Papyrus Fouad 266

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Fouad Inv.266, which contains the name of God in the Hebrew language יהוה. Fragment of Deuteronomy 31:28 - 32:7

Papyrus Fouad 266 is a copy of the Pentateuch in the Greek version of the Hebrew Bible known as the Septuagint. It is a papyrus manuscript in scroll form. The manuscript has been assigned palaeographically to the 1st century BC. The manuscript has survived in a fragmentary condition. Discussion about this manuscript questions whether it is or is not a later recension of the standard Septuagint text.


The Greek text was written on papyrus in uncial letters. The text is written in 33 lines per column. The uncial letters are upright and rounded. Iota adscript occurs.[1] It is designated by number 847, 848, and 942, on the list of Septuagint manuscripts according to the modern numbering of Alfred Rahlfs.[2] The surviving texts are fragments from Book of Deuteronomy, 31:28-32:6.[3] It contains section divisions with numbered paragraphs (5, 26, 27).[4]:184 117 papyrus fragments of the codex have survived.[3] This is "clearly a Jewish manuscript".[4]:19

The prefix Fouad commemorates Fouad I of Egypt.

It is the second oldest known manuscript of the Septuagint (Greek version of the Hebrew Bible), and the oldest which used the Hebrew Tetragrammaton in Aramaic "square" or Ashuri script,[3] in following places: De 18:5, 5, 7, 15, 16; 19:8, 14; 20:4, 13, 18; 21:1, 8; 23:5; 24:4, 9; 25:15, 16; De 26:2, 7, 8, 14; 27:2, 3, 7, 10, 15; 28:1, 1, 7, 8, 9, 13, 61, 62, 64, 65; 29:4, 10, 20, 29; 30:9, 20; 31:3, 26, 27, 29; 32:3, 6, 19.[5][6][7][8] In addition, in this collection the Tetragrammaton occurs three times in unidentified fragments, namely, in fragments 116, 117 and 123. This papyrus, found in Egypt, was dated to the first century B.C.E. This is an important piece of evidence for the Loss of the Tetragrammaton in the Septuagint debate.

The text of the manuscript runs close to the Old Greek text but it was characterized through correctors towards the Masoretic Text. In Deuteronomy 22:9 it agrees with the Masoretic Text. It is a witness of an early recension of the Old Greek text of Septuagint towards the Masoretic Text.[9] Albert Pietersma was the first to claim that Fouad contains some pre-hexaplaric corrections towards a Hebrew text (which would have had the Tetragrammaton). Pietersma also states that there is room for the reading ΚΥΡΙΟΣ (The Lord), but the second scribe inserted the Tetragrammaton instead.[10] Koenen has argued in his notes to the new edition of P. Fouad 266 "that the scribe of 848 was unable to write the Hebrew tetragram and hence left space for a second scribe to insert it", probably because "requiring greater sanctity"[11]. Emanuel Tov notes: "he original Greek scribe left open large spaces for Tetragrammaton indicated by a raised dot on each side of the space".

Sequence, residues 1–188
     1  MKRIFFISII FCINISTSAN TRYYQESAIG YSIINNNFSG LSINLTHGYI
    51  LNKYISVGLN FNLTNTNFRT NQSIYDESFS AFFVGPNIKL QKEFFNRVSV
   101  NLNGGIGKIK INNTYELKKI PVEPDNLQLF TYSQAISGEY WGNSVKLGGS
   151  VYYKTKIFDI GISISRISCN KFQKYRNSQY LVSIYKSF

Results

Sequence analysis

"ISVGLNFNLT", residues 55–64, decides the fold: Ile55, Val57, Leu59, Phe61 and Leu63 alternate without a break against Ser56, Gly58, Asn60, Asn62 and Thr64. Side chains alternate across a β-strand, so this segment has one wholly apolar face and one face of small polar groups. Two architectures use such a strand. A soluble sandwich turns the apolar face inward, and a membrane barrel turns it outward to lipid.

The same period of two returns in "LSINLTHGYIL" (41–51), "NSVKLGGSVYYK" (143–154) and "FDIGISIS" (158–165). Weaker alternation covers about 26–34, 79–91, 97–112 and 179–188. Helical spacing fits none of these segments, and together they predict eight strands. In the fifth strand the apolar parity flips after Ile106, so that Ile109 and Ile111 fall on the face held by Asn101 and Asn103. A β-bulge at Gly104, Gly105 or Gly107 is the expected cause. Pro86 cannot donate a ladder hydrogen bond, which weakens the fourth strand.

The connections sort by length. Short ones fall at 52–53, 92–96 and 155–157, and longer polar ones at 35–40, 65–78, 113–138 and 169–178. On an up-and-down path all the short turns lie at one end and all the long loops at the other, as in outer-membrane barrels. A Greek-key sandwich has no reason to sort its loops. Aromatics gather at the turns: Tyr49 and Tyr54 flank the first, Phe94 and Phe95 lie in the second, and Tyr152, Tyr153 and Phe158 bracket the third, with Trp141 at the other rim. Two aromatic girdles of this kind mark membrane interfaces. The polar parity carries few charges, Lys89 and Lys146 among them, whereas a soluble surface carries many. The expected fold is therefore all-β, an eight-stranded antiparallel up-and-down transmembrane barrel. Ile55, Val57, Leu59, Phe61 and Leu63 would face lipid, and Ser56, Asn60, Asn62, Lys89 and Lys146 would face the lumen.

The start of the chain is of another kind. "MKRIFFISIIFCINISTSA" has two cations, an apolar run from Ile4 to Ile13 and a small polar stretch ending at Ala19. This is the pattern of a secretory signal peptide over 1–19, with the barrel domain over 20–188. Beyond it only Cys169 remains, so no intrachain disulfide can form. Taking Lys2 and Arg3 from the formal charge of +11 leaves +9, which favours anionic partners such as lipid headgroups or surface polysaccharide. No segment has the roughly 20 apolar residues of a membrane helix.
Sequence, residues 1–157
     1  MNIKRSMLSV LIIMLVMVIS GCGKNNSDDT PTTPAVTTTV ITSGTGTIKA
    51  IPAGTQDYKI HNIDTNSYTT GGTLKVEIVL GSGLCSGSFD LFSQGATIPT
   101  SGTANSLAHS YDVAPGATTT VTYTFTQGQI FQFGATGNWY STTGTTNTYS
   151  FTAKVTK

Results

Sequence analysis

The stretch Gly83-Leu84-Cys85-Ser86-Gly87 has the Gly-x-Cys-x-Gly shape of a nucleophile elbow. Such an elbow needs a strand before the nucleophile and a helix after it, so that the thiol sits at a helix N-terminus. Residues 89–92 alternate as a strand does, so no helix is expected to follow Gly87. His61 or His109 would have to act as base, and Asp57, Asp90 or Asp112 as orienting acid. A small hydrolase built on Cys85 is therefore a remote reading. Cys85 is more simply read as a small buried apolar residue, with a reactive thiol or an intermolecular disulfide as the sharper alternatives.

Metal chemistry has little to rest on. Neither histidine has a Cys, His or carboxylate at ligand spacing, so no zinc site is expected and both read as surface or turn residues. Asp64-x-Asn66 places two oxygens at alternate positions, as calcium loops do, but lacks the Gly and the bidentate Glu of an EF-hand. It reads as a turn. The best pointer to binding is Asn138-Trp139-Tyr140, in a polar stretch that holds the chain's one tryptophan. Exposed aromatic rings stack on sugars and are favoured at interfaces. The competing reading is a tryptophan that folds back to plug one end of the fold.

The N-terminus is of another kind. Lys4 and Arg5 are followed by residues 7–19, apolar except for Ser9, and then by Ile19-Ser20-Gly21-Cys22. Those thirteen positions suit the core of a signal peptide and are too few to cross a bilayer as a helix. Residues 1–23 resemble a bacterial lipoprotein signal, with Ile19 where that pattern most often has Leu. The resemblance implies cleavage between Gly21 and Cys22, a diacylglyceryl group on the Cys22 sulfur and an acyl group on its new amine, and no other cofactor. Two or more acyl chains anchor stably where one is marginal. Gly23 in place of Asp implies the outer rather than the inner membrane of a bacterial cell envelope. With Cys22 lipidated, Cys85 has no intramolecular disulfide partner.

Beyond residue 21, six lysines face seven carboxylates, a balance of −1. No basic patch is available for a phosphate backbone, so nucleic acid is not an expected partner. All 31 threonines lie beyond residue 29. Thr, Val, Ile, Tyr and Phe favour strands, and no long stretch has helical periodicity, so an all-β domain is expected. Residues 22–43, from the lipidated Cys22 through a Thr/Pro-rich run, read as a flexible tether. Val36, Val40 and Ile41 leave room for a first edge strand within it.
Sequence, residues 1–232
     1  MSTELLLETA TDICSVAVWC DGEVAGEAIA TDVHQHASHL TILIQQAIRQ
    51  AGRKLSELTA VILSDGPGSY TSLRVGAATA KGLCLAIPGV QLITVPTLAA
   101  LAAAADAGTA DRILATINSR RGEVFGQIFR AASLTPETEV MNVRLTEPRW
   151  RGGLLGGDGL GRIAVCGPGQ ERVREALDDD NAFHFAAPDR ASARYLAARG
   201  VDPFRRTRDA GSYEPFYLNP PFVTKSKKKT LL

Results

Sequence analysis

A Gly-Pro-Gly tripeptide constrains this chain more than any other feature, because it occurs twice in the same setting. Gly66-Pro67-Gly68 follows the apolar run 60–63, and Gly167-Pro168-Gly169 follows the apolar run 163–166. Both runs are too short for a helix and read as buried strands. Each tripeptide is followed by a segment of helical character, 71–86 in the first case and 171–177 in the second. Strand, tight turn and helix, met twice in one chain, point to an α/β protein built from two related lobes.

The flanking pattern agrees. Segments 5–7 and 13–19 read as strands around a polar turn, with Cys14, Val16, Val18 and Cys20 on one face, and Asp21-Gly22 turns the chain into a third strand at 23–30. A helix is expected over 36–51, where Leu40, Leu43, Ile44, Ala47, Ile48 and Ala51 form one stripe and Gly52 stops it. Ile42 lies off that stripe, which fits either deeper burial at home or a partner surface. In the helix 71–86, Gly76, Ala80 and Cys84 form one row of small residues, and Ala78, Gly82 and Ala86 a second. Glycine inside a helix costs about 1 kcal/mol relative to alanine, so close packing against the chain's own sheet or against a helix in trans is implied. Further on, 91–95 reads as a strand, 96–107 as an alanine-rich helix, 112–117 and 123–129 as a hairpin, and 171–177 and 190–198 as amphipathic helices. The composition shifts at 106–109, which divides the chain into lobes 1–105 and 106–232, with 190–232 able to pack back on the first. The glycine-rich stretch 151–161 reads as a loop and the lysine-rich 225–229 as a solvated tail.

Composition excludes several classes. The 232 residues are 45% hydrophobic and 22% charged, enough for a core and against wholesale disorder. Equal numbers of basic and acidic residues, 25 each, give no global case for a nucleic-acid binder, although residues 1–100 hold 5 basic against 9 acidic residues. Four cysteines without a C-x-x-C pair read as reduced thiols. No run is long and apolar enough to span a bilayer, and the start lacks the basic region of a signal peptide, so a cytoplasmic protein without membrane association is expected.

History of the Roll[edit]

Palaeographically the manuscript has been assigned to the 1st or even 2nd century BC. It is the second oldest manuscript of the Septuagint.[3] It was discovered in 1939 in Fayyum, where there were two Jewish synagogues. The first published text from the manuscript was edited by William Gillan Waddell in 1944.[12] 18 further fragments of the manuscript were published in 1950 in the New World Translation of the Christian Greek Scriptures.[13][14] It was examined by Françoise Dunand[15] and P. E. Kahle. In 1971 were published all 117 fragments of the manuscript.[16] The manuscript currently is housed at the Societé Royale de Papyrologie (Gr. P. 458), Cairo.[3]

See also[edit]


  1. ^ Metzger, Bruce M. (1991). Manuscripts of the Greek Bible: An Introduction to Palaeography. Oxford: Oxford University Press. p. 60. ISBN 978-0-19-502924-6.
  2. ^ Rahlfs, Alfred (2004). Septuaginta - Vetus testamentum Graecum. 1/1: Die Überlieferung bis zum VIII. Jahrhundert. Göttingen: Vandenhoeck & Ruprecht.
  3. ^ a b c d e Würthwein Ernst (1988). Der Text des Alten Testaments, Stuttgart: Deutsche Bibelgesellschaft, p. 192.
  4. ^ a b Hurtado, Larry (2006). The Earliest Christian Artifacts. William B. Eerdmans Publishing Company. ISBN 0802828957.
  5. ^ Wadell, W. G. (1944). "The Tetragrammaton in the LXX". 45. Oxford University Press: JTS: 158–161.
  6. ^ Studio Patristica, volume I, part I by Kurt Aland and F. L. Cross, Berlino 1957, pp.339-342;
  7. ^ W. Baars Papiro Fouard Inv. N. 266 published by Nederlands Theologisch Tijdschrift, volume XIII, Wageningen, 1959, pp. 442-446
  8. ^ Howard, George. The Oldest Greek Text of Deuteronomy. XLII. Cincinnati 1971: Hebrew Union College Annual. pp. 125–131.
  9. ^ Armin Lange, Matthias Weigold, József Zsengellér, Emanuel Tov, From Qumran to Aleppo: a discussion with Emanuel Tov about the textual history of Jewish scriptures in honor of his 65th birthday (Vandenhoeck & Ruprecht, 2009), p. 60.
  10. ^ Sabine Bieberstein, Kornélia Buday, Ursula Rapp, Building bridges in a multifaceted Europe: religious origins, traditions (Peeters Publishers, 2006), p. 60.
  11. ^ Robert J. Wilkinson (2015). Tetragrammaton: Western Christians and the Hebrew Name of God: From the Beginnings to the Seventeenth Century. BRILL. ISBN 9004288171.
  12. ^ W. G. Waddell, "The Tetragrammaton in the LXX", JTS 45 (1944): 158-61.
  13. ^ Joseph A. Fitzmyer (1979). Wm. B. Eerdmans Publishing, ed. A Wandering Armenian: Collected Aramaic Essays. Grand Rapids. p. 137. ISBN 0-8028-4845-1.
  14. ^ New World Bible Translation Committee (1969). New World Translation of the Christian Greek Scriptures. Pennsylvania: Watch Tower Bible and Tract Society of Pennsylvania.
  15. ^ Françoise Dunand: Papyrus Grecs Bibliques (Papyrus F. Inv. 266). Volumina de la Genèse et du Deutéronome. 1966.
  16. ^ Études de Papyrologie 9, Cairo 1971, pp. 81-150, 227, 228.

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